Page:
The festival showed that innovation must be part of everyday business and life and that it is only worth it if it helps people strengthen connections and deepen health and environment. The main themes of the event revolved around environmental preservation, water scarcity in the world, recycling, climate change, self-sustainable fashion industry and more.
This edition also included workshops on co-creation, a multimedia festival and an International Film Festival with films about sustainability in the daily life of big cities, and of course maker workshops. Because the mission of the festival is closely tied to the U. Participants got their hands dirty in the construction of automatas. We were very impressed by two things; First, how some people completely freeze when they are asked to make something functional. We heard over and over the phrases: I can not make anything; I am not creative at all; I have no clue how to start.
We gave examples, worked together, motivated, and got every single person to at least try creating something, accept failure as a growth path, and be more positive regarding their creative processes.
Tópicos em destaque
Second, how participants were eager to be offered a more experiential approach to learning. People who came to 0ne of our sessions learned that they can learn by doing in a collaborative environment. As it happens to any living organism on the planet, some days are just better than others. When you get the chance to collaborate with great people to make dreams come true, motivate young people to learn technologies that can help others, and experience the power of a flexible learning space, its not just any other day at the office.
The history of the fight for the rights of people with disabilities is considerably new. However, nowadays we have some important advances in this area. Despite their expertise, the students still face accessibility problems and lack of assistive technology. Participants learned how this kind of technology can be used to their own advantage in solving challenges faced by people with disabilities at their school. Participants easily identified with the topic, for CIL 2 has a strong community of people with disabilities. At CIL there is a specialist who personally provides visually impaired students with sound learning strategies; Daniele Alves de Lemos was instrumental to the program, for she provided CTJ staff and facilitators with important pedagogical tips.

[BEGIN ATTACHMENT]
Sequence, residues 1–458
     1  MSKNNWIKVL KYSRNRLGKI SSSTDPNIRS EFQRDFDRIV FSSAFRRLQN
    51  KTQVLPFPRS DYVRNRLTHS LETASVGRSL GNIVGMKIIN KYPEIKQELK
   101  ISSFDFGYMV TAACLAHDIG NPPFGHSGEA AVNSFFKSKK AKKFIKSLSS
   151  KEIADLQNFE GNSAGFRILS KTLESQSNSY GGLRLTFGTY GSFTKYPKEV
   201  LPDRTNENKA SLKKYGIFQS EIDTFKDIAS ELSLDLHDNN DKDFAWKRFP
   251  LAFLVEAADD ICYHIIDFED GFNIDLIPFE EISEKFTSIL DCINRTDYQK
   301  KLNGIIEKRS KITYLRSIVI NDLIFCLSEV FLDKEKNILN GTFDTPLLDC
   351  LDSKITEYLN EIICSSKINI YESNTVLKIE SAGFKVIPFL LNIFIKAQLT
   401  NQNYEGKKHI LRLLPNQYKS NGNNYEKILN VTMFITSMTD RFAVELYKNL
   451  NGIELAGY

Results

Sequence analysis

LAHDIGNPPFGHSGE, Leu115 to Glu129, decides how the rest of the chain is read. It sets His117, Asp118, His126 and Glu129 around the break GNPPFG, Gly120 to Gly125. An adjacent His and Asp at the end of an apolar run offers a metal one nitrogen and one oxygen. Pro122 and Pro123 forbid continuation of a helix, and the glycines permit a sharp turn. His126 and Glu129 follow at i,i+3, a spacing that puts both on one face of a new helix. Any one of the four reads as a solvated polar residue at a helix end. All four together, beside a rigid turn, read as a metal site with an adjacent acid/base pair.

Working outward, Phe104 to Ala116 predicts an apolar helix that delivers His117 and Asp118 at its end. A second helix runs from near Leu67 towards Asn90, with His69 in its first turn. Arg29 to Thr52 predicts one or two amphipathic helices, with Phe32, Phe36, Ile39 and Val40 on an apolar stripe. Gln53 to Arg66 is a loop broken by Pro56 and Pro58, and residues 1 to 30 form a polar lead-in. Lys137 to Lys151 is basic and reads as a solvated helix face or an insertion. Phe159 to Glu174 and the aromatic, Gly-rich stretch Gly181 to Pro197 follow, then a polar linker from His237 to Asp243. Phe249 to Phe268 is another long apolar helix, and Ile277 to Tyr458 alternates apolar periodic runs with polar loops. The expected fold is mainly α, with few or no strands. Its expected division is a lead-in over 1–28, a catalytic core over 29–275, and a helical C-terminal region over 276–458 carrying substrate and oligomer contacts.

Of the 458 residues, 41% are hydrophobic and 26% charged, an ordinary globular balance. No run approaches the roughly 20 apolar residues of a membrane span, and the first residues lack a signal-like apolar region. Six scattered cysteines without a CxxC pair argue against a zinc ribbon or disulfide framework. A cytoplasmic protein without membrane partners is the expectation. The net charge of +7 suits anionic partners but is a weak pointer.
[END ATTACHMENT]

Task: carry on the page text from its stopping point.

Participants worked in teams, interviewing each other to learn about the challenges they face. At this point, visually impaired participants were eager to share their experiences, and participants brainstormed ways to overcome the challenges. All facilitators had a back up plan a feasible project ready to share and inspire participants. One of the projects was a tactile map of the makerspace. However, participants were so touched and engaged that they came up with wonderful ideas of their own based on the real needs of the visually impaired people in the program.
We are sure that CTJ will host more and more programs to inspire youth to build a better future. Earth Day is the annual celebration of the environment and a time to assess the work needed to protect the natural gifts of our planet. Earth Day is observed around the world, although nowhere is it a national holiday. There are simple ways to engage participants with activities that will help them think about their own actions and consequences for the planet. The maker culture is closer to the Renaissance attitude of Leonardo than of the exacerbated Enlightenment rationalism or mechanistic and pragmatic mentality of industrial societies, for the maker today would be a kind of Renaissance man yesterday: tuned in different areas of knowledge, remixing the findings of one another; no history-social celebrities, but individuals responsible for creating and recreating new ways to produce, interact and communicate ideas and experiences in the world today.